Engineering Databases: Connecting Islands of Automation Through Databases

Front Cover
Jose L. Encarnacao, Peter C. Lockemann
Springer Science & Business Media, May 7, 1990 - Computers - 229 pages
Automation is nothing new to industry. It has a long tradition on the factory floor, where its constant objective has been to increase the productivity of manufacturing processes. Only with the advent of computers could the focus of automation widen to include administrative and information-handling tasks. More recently, automation has been extended to the more intellectual tasks of production planning and control, material and resource planning, engineering design, and quality control. New challenges arise in the form of flexible manu facturing, assembly automation, and automated floor vehicles, to name just a few. The sheer complexity of the problems as well as the state of the art has led scientists and engineers to concentrate on issues that could easily be isolated. For example, it was much simpler to build CAD systems whose sole objective was to ease the task of drawing, rather than to worry at the same time about how the design results could be interfaced with the manufacturing or assembly processes. It was less problematic to gather statistics from quality control and to print reports than to react immediately to first hints of irregularities by inter facing with the designers or manufacturing control, or, even better, by auto matically diagnosing the causes from the design and planning data. A heav- though perhaps unavoidable - price must today be paid whenever one tries to assemble these isolated solutions into a larger, integrated system.
 

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Contents

1 Significance of Engineering Databases
1
112 Oceans of Information
2
113 Bridging the Islands
7
12 The Solution
8
Computer Integrated Enterprise
10
13 The Architecture of an Engineering Database System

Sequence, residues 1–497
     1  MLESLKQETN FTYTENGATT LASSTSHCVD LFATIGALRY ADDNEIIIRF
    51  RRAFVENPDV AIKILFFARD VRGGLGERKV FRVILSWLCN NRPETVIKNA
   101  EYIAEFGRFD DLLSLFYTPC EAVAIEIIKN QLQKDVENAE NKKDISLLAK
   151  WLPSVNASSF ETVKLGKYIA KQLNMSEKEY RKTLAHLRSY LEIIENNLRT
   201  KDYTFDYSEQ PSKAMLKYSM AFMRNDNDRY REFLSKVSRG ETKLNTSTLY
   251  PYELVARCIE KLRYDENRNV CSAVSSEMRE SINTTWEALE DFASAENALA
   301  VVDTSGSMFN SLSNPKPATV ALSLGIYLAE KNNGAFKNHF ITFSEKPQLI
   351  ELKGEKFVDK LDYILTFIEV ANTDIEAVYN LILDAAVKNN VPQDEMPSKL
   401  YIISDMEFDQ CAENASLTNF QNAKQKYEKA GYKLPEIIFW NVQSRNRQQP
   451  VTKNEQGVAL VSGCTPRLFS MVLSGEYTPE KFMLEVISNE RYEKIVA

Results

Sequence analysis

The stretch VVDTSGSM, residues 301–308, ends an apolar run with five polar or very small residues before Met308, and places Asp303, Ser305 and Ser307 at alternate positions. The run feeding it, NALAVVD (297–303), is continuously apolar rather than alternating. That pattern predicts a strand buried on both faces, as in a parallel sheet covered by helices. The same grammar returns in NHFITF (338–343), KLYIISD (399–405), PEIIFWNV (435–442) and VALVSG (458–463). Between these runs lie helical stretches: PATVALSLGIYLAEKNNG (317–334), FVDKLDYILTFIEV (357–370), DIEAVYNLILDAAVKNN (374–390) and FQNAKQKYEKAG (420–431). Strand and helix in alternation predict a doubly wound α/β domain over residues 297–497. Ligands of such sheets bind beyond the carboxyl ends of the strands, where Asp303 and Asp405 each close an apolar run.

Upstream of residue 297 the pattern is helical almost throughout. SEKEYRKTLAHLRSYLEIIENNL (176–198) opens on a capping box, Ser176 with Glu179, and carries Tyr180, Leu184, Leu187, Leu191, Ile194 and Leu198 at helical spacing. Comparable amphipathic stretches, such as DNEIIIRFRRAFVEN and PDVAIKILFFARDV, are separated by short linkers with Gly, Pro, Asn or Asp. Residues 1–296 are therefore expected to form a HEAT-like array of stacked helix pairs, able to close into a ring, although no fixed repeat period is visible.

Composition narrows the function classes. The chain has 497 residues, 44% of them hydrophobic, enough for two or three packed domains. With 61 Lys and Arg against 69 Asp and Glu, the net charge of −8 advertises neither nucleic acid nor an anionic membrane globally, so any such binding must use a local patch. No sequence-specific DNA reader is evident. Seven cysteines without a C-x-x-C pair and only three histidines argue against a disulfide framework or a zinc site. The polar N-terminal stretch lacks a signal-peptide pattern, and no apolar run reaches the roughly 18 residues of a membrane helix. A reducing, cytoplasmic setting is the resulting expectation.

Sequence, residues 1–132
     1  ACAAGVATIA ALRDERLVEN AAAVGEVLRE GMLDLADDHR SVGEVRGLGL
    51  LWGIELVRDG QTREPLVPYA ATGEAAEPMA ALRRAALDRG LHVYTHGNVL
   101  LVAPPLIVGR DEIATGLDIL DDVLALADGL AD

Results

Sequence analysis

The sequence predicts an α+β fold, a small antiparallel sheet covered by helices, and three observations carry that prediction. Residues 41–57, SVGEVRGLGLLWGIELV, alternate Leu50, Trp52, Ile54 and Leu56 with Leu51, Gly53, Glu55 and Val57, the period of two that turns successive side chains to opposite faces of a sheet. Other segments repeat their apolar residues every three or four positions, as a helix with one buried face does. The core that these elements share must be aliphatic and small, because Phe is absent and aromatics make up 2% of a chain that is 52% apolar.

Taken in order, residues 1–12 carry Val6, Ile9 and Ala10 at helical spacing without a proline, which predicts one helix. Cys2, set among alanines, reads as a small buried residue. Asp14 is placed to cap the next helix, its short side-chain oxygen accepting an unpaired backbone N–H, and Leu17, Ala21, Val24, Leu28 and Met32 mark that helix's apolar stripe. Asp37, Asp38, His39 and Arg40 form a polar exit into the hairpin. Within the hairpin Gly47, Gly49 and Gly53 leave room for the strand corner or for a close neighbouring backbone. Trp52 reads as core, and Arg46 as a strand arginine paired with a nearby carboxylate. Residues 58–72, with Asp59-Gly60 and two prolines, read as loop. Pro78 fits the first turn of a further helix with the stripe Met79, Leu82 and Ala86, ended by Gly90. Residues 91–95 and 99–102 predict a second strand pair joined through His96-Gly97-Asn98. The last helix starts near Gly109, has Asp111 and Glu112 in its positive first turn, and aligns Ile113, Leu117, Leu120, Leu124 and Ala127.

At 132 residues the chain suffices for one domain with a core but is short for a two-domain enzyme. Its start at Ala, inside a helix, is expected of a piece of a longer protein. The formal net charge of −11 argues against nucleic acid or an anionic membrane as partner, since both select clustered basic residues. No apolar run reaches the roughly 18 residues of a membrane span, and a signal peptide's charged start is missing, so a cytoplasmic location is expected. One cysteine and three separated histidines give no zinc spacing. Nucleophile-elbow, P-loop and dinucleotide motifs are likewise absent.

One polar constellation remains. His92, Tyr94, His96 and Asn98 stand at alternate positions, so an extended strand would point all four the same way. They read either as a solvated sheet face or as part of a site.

14
132 Hybrid Solutions
15
14 Organizational Procedures
17
243 Other Issues
134
244 Further Reading
136
3 Utilization of Engineering Databases
139
321 Principles of Schema Definition
140
322 Typical Situations
143
323 Objects and Interdependencies
144
3232 Object Interdependencies
146
3233 Library and Object Overlapping Information
149

142 Management Aspects
18
15 Further Reading
19
2 Database Technology
21
212 Operation of Database Systems
23
213 Outline of the Chapter
28
214 A Running Example
29
Current Status
31
2212 The Network Data Model
37
2213 The Relational Data Model
46
222 Database System Interfaces
55
2222 The Hierarchical Data Model
56
2223 The Network Data Model
60
2224 The Relational Data Model
66
223 Database Consistency
69
2232 Expressing Consistency Constraints
72
224 Concurrency
74
225 Database Recovery
80
226 Transaction Management
86
227 Miscellaneous Services
88
2272 Mass Data Input and Output
90
228 System Organization and Environment
91
2282 Hardware and Operating System Aspects
94
229 Performance Control
96
2210 Further Reading
98
A New Focus
99
232 Data Model
100
233 Database System Interface
102
234 Database Consistency
103
235 Concurrency
105
237 Transaction Management
106
239 System Organization
108
2310 Performance Control
109
Taking Care of the New Focus
110
242 Data Models
111
2422 Object Identification
118
2423 Objects and Relationships
119
2424 Attributes
129
2425 ObjectOriented Database Systems
133
33 Version Management
150
332 Modeling of Version Interrelations
152
333 Configuration Modeling Based on Version Management
154
334 Support of Design Control
155
335 Version and Configuration Management Based on DAMOKLES
156
34 Generating and Entering Data
159
341 Criteria for Characterizing the Generation Process
160
342 Commercial Applications
161
343 Engineering Applications
162
344 Example
165
35 Archiving of Database Objects
171
351 General Requirements for an Archiving Mechanism in a Database System
172
353 Archiving Versions
175
354 Archiving Configurations
176
36 Data Interchange
178
362 Data Interchange in the Different Levels of System Integration
179
363 Kind and Structure of Interchange Data
180
EDIF
181
37 Application Programming
184
372 Use of Database Functions for Application Programming
185
38 Further Reading
188
4 Case Studies
189
412 Representation of Design Information in Relational Databases
191
4122 Implementing an Operational Interface on Top of the Relational Database System ORACLE
194
413 EDIFOriented Design Systems
203
4131 EDIFOriented Database Schemes
204
42 Software Engineering
208
4212 A System Engineering Environment
210
422 The PRODAT Object Model
211
4221 Simple Objects
212
4222 Structured Objects and Relationships
213
4223 Completeness of Objects
215
4225 Versions
217
4226 Configurations
218
423 A Tool Using PRODAT The Object Editor
219
424 PRODAT as Interface to DAMOKLES in Software Engineering
224
43 Further Reading
228
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